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European Journal for Sport and Society 2006, 3 (1), 55-61

The institutionalization of martial arts


Wojciech J. Cynarski
University of Rzeszw, Poland
Abstract: This paper discusses the basic symptoms and aspects of the institutionalization
process of the Far Eastern martial arts. These aspects are: the acceptance of sports regulations
and the foundation of new sports organizations; the establishment of legal regulations; the
internalization of Far Eastern martial arts; the creation of specific social roles and the process
of socialization through Far Eastern martial arts; the institution of student and master degrees;
the training of instructors and the teaching of Far Eastern martial arts; organizational development. Western teaching methods and forms of promotion overlap with traditional Eastern
forms of teaching and verification of degrees and titles of the system passed on by tradition.
Keywords: martial arts, institutionalization, organizational development.

The sociology of Far Eastern martial arts must be associated with a general theory of
martial arts using a socio-cultural perspective, and being one of its branches, with the
sociology of physical culture (Krawczyk, 1995). The sociology of Far Eastern martial
arts should also take into account the borderland sociology which was described by
Thomas Parsons (1971) as the theory of the highest level. This involves a perspective
from the point at which sociology, anthropology and psychology meet and which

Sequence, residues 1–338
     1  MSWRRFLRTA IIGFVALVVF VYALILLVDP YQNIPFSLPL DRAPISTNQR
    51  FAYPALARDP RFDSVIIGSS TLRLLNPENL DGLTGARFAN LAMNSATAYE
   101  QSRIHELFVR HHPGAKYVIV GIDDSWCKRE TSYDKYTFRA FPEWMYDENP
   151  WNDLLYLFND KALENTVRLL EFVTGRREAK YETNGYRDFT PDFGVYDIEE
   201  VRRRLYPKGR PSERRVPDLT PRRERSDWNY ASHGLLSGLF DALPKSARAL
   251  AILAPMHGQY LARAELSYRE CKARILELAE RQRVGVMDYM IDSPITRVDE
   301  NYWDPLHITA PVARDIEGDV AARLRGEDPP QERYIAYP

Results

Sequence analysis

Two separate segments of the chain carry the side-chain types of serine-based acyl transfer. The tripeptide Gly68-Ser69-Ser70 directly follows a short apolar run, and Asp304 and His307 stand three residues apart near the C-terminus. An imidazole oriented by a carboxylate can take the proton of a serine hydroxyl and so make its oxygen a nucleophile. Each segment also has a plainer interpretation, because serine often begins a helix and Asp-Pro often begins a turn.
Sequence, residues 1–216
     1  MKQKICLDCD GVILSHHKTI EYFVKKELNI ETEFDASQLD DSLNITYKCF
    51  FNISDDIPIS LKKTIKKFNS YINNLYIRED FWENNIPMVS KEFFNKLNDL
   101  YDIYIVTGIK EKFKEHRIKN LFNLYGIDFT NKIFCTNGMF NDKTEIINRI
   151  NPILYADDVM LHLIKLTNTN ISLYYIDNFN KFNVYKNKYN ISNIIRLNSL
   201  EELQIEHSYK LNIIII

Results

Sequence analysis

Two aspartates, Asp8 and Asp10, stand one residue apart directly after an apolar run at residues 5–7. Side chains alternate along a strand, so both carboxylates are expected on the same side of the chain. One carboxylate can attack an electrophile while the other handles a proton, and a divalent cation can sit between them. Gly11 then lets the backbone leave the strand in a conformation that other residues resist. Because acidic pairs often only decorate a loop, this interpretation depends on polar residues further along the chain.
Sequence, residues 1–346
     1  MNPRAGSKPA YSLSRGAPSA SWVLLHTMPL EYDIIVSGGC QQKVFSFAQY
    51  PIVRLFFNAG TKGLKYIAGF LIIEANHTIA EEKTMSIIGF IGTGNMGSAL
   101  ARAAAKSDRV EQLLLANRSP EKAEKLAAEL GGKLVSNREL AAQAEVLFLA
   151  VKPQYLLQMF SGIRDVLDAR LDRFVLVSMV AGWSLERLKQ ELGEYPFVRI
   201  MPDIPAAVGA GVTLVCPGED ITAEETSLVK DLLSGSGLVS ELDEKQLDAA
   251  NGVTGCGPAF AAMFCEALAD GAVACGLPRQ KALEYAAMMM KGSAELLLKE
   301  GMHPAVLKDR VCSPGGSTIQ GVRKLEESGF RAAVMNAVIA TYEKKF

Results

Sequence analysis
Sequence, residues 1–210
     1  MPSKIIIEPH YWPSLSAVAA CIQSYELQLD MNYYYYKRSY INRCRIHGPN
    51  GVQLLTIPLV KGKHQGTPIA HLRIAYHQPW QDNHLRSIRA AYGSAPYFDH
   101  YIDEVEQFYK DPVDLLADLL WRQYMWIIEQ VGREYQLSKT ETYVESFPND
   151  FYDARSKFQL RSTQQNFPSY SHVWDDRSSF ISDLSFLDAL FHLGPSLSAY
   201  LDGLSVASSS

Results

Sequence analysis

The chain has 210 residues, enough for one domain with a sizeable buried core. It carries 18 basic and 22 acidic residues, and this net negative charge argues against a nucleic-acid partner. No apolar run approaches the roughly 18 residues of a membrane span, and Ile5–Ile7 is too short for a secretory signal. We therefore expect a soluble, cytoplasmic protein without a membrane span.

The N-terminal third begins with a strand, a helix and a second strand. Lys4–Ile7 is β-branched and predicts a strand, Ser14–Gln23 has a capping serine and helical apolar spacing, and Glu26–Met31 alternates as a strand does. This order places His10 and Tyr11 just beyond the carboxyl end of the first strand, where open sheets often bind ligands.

draws upon a heritage of various (European and American) trends in sociology
(Cynarski & Obodyski, 2003).
In the functional dimension of Far Eastern martial arts, different processes
connected with their institutionalization can be distinguished, including the broader
issue of the way in which institutionalization manifests itself in a system of physical
education in society in a single country, in Europe and worldwide. Issues of this kind
need to consider cultural, recreational and health values of the systems of the individual martial arts. An additional consideration is the extent of the phenomenon worldwide as well as the range of participation and the direction of trends. Furthermore,
the continuum joining the world of sport and that of martial arts as well as the
processes of commercialization and the transformation of classic martial arts into
combat sports are phenomena needing to be taken into account. Japanese researchers
in particular have analysed the issue of changes in the martial arts which have been
taking place as a result of general socio-cultural changes (Inoue, 1992; Chiba, Ebihara
& Morino, 2001).
Institutionalization may be generally understood as an accepted and established
manner of behaving in a particular case. In the case of the martial arts, one can list at
least the following symptoms or aspects of institutionalization: